Date Presented

Spring 3-29-2013

Document Type

Thesis

Access Type

1

Degree Name

Bachelor of Science

Department

Communication Studies

First Advisor

Dr. Jimmy Roux

Second Advisor

Dr. Cheryl Jorgensen-Earp

Third Advisor

Dr. Daniel Messerschmidt

Abstract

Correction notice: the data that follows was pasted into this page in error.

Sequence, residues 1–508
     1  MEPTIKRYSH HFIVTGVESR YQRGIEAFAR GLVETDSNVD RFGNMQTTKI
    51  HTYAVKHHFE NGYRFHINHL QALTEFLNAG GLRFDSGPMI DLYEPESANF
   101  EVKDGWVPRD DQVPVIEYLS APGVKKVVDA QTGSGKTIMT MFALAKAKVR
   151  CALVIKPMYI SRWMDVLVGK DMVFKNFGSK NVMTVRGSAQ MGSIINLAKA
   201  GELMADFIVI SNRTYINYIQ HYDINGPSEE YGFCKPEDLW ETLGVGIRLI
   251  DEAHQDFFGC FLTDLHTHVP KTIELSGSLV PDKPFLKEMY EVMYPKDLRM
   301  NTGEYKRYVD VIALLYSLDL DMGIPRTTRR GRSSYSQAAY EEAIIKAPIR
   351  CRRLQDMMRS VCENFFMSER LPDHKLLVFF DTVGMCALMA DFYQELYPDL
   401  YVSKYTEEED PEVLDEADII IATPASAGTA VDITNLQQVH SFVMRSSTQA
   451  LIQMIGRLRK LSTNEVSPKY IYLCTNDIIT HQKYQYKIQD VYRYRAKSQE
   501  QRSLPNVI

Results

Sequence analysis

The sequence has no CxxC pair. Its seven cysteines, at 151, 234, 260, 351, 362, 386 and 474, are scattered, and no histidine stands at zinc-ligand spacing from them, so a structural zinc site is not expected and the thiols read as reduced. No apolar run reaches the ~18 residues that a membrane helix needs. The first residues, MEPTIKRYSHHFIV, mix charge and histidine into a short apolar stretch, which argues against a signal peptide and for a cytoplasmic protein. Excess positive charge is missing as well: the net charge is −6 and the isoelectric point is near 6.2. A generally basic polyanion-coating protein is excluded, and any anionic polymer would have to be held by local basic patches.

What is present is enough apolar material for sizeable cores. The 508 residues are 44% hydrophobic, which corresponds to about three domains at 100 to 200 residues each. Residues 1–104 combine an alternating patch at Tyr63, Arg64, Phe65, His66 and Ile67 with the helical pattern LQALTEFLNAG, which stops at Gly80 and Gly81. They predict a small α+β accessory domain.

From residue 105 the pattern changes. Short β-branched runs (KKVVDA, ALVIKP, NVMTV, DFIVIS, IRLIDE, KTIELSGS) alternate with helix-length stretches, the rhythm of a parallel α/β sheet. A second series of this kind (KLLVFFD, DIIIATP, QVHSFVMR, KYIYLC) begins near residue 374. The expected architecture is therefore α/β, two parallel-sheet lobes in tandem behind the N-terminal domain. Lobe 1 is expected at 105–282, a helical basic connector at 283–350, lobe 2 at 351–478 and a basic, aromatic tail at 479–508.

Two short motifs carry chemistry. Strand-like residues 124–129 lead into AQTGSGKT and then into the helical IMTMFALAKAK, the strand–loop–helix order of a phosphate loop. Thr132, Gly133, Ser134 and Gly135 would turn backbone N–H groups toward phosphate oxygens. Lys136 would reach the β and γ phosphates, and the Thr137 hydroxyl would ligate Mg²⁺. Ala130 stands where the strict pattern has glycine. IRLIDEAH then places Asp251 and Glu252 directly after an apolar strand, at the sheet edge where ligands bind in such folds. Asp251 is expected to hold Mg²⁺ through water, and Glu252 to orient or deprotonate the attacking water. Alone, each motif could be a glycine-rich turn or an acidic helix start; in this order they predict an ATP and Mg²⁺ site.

In a society where violent crime is rampant, the media have varying effects on public peace of mind all over the United States. News reports are viewed via television broadcast, print publication, and with other convergent components that evolve with technological developments; the factors of each medium can determine the viewer’s perception of a given story. Through extensive research and survey results of students at a mid-Atlantic liberal arts institution, this study explores the relationship between media coverage of violent crimes and the public’s response to such coverage by answering several questions: (1) do the United States mass media distort our perception of the reality of violent crime? (2) Does the medium of communication used for violent crime reports determine how alarmed a viewer feels? (3) Do viewers believe the media operate as any other businesses? (4) Do males and females respond differently to violent crime reports in the media? (5) Is the public’s trust in distorted mass media an effect of people’s immersion in the American culture? And (6) is violent crime distortion in the media and its effect on the public constant among all news sources? A quantitative-qualitative mixed-form analysis of viewer attitudes toward media and culture will seek to reflect how the distortion of violent crime by the media could affect and even manipulate the public.

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